In the past year, almost a third of British Columbia’s total exports consisted of wood and paper products, bringing in close to $9 billion. The government has then put all its efforts in transplanting 250,000 larch seedlings up to 200 miles outside the species’ native range, resulting in the largest plant assisted-migration in history. Experts predicted that previous habitats of the trees will become derelict and are therefore trying to save the future of the larch and other trees by relocating them and in the process trying to boost the economy of British Columbia.
This action has been taken because of the negative effects of climatic changes on forests in the area. Mountain pine beetles, summer droughts and extremely cold winters, have contributed to the destruction of millions of acres of forest across the American and Canadian West. The Canadian government, from a report released, predicts that the summer droughts will become longer and more frequent in future. Recent studies show that the rate of tree mortality has increased four times since the 1970s across the Pacific Northwest; with 1.3 percent of trees in old forests dying annually.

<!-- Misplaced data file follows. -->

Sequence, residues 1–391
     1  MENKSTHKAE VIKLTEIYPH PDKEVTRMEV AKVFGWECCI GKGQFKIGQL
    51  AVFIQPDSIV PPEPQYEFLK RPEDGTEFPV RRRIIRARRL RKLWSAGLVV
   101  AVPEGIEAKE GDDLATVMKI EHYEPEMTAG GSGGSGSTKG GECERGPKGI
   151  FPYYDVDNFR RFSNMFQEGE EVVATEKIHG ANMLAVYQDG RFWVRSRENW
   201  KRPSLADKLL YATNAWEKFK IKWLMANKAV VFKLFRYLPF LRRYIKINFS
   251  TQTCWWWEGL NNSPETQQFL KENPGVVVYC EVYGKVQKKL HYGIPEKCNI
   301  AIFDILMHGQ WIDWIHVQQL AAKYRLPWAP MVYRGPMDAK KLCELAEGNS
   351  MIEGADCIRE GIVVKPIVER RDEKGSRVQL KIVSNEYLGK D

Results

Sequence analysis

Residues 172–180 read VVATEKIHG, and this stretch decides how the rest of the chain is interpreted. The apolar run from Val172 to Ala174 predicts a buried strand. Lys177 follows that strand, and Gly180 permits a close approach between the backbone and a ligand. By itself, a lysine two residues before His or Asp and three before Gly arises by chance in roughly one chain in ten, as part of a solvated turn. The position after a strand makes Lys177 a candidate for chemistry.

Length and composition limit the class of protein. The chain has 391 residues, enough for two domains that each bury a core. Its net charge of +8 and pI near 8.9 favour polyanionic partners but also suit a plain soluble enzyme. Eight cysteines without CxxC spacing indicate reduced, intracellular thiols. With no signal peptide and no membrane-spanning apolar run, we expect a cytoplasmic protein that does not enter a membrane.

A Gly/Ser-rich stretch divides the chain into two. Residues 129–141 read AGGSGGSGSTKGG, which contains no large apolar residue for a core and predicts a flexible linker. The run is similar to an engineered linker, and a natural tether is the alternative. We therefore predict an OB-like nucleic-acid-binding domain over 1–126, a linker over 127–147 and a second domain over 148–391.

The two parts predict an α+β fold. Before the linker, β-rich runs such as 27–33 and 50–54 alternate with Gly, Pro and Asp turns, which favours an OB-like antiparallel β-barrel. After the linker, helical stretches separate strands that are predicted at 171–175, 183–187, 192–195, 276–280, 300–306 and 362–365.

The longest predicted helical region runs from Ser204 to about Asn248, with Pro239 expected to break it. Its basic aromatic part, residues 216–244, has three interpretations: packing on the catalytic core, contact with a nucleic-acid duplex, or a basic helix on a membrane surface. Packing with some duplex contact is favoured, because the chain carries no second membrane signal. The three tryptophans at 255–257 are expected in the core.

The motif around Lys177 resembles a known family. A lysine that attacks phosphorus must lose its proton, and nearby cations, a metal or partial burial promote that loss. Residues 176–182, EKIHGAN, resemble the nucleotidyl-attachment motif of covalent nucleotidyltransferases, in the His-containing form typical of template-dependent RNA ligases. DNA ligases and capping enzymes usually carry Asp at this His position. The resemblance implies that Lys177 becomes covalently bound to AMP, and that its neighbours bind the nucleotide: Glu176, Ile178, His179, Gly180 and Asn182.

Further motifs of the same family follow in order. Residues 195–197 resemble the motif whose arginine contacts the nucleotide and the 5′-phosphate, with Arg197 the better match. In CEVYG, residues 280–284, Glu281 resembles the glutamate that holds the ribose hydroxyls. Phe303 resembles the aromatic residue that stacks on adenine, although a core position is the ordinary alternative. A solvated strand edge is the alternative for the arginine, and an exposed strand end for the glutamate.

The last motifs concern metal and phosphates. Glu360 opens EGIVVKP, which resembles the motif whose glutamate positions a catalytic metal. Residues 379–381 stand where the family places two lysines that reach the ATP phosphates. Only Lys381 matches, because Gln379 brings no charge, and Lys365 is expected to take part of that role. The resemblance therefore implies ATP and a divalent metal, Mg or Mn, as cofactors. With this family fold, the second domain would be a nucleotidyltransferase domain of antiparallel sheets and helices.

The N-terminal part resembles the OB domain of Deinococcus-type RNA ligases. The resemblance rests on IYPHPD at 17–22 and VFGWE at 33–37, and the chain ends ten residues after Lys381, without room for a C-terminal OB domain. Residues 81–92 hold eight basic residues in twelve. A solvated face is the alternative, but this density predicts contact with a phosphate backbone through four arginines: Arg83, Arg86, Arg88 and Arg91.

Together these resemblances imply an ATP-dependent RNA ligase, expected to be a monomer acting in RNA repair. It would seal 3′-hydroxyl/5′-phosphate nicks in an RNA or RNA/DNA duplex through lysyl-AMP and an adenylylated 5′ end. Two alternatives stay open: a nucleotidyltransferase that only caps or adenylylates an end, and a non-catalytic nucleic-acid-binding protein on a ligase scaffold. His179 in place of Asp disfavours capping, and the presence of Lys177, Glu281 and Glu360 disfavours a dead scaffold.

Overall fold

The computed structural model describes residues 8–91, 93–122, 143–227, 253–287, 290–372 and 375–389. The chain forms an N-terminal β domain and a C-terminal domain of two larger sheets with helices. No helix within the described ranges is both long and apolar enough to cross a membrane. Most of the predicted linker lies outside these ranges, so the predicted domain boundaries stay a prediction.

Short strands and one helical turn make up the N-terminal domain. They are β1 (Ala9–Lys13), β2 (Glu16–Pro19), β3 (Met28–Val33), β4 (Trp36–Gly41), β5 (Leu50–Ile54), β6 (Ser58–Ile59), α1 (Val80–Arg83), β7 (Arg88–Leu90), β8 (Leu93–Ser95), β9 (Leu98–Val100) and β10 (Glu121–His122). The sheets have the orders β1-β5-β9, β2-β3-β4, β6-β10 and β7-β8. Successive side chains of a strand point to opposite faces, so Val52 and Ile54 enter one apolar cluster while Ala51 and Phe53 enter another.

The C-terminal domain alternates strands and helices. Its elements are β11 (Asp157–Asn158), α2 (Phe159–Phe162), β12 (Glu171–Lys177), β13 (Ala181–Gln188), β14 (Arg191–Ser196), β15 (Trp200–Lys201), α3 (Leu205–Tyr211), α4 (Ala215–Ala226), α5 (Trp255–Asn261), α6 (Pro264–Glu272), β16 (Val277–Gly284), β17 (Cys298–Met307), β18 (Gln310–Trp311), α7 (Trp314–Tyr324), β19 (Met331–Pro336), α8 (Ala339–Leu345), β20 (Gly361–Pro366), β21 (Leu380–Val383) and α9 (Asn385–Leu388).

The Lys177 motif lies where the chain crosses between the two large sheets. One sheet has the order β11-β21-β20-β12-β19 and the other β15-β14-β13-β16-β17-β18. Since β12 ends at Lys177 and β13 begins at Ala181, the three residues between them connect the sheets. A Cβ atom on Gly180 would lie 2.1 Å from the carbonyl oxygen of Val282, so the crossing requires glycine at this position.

The relocation of the larch species came about after research done by Jim Snetsinger through the Future Forest Ecosystems Initiative. Jim Snetsinger is British Columbia’s chief forester. The research was done to establish the action forestry managers should react to global warming. Experts predicted that the climatic changes will later slowly push the margin of the tree’s range northwest and in high altitude areas like hillsides due to the moist and cool soils. The western-larch was picked to test if the migration of the species would decrease the mortality rate. Risks involved include the tree displacing the indigenous species or dying off. The forest ministry is now planting groups of 15 other timber species in new areas to test them against the climate change.